Weight training is only one small part of developing an overall great physique. In fact, there is a lot to be said about the benefits of bodyweight training, which is a method of working out that requires only the use of your own weight as resistance. If done properly this type of workout can be done just about anywhere, including your yard, home, or hotel room.
What some guys don’t realize is that their own body weight has the potential to provide enough resistance to create mass, definition, and strength. In addition, it can be a great way to avoid the injuries of using excessive weights.
To give you an example of how effective these routines can be, Human Kinetics has provided us with an excerpt from their book, Bodyweight Strength Training Anatomy, written by Bret Contreras. This is hands down one of the most comprehensive books we’ve read about using your body to create strength and fitness, and we highly recommend giving it a read.
Bodyweight Strength Training for the Chest
There’s a reason Mondays have been coined International Bench Press Day. Lifters around the world who desire well-developed pectorals prioritize their workouts by training their chests first each week. While most male exercisers are consumed with building the upper, middle, and lower areas of the pecs to their potential, women tend to be less concerned with chest development. However, a subtle line of muscle traversing the sternum can be quite attractive on a woman, and given that multijoint chest exercises also can serve as great triceps builders, it makes sense for women to incorporate pectoral movements into their routines.
Bodyweight training is well suited for chest training; all you need is a floor and you’re good to go. It’s essential that you pay attention to feeling the pectoral muscles working during multijoint pressing movements. Otherwise, the triceps and front deltoids can take over and rob the pecs of their neural activity. Bodybuilders refer to this as developing a mind–muscle connection, and it’s one of the most important techniques you can use to enhance muscle development.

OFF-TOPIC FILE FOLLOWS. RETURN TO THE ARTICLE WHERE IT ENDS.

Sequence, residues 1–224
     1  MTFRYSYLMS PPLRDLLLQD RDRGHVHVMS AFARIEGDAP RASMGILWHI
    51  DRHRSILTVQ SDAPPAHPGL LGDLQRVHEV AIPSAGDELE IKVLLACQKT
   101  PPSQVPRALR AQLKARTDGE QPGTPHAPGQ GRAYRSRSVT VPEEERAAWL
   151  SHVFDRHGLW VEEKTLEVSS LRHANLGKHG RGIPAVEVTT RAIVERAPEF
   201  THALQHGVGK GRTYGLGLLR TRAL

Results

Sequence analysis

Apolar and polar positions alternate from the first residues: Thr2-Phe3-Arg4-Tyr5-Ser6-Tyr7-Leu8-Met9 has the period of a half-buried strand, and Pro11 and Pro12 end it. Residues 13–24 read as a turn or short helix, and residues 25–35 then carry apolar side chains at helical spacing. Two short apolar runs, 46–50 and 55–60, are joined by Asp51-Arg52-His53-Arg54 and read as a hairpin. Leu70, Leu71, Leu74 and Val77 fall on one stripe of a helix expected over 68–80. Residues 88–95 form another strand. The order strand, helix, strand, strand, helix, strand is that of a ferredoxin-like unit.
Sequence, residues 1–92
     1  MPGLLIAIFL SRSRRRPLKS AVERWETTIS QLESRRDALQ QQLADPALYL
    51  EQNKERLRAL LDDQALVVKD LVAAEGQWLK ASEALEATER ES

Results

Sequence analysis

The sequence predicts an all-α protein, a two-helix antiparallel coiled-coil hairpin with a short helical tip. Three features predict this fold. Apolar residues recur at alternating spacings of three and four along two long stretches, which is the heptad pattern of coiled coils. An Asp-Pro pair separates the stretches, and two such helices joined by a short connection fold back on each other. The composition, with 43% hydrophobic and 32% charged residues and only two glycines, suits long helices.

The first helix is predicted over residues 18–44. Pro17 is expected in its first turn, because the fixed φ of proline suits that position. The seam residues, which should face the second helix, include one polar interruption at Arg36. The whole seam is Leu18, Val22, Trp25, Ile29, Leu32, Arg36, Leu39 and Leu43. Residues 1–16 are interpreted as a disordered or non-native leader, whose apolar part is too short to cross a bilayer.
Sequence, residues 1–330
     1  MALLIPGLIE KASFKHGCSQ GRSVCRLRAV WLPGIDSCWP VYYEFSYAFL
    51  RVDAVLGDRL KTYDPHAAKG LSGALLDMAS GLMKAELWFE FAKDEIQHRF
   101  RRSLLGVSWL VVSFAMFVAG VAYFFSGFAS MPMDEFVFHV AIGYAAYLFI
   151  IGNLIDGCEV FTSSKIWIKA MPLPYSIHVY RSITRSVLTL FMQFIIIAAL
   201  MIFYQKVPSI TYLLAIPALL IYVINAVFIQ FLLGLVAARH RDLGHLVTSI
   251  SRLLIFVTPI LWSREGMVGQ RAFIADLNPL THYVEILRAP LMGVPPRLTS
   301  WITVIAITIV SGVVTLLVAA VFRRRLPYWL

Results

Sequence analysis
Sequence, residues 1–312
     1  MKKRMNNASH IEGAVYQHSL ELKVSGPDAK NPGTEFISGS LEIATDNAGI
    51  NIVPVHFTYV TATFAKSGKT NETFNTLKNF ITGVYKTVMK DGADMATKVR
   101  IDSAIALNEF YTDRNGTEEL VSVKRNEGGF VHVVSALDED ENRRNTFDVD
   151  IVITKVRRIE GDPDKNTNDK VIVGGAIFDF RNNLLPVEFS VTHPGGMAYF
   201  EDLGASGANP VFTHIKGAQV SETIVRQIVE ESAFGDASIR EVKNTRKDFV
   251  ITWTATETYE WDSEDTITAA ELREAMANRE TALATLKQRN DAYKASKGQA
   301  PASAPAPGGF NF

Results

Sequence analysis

While the push-up, referred to as a press-up in some countries, is arguably the most popular bodyweight exercise and certainly the most common bodyweight chest exercise, it’s important to progress to more challenging variations of the exercise for continued results. There are dozens of types of push-ups, and I have included the most effective push-up variations to allow you to achieve your goals.
Moreover, it’s critical that you learn the proper way to perform a push-up from the get-go because a vast majority of exercisers perform this movement incorrectly. I distinctly remember when I started performing push-ups. I was 15 years old and could barely manage three sets of six repetitions. I’m pretty sure my form wasn’t up to par back then either. Fortunately, I stuck with it and didn’t give up. Fast forward to today, I’m now able to perform 60 nonstop push-ups. A nice fringe benefit of push-up performance is the core stability that comes along with it.
The pectorals also are involved in many sport actions. Pushing opponents forward as in American football or sumo wrestling relies heavily on the pecs. Straight punching as in a jab or right cross involves the pecs, as does arced punching such as hooks or uppercuts. Tennis, volleyball, racquetball, and handball actions involving overhead and swinging motions across the body such as serving, forehand strokes, and spiking, involve the pectorals, as do throwing motions in baseball and American football. A shot-putter and discus thrower require strong and powerful pectorals to heave their implements the maximum distance. Mixed martial arts relies on the pecs for striking, clinching, takedowns, and grappling. Gymnasts and swimmers require strong pectorals for various maneuvers and strokes. Even track and field athletes train the pecs because a strong upper body can increase speed.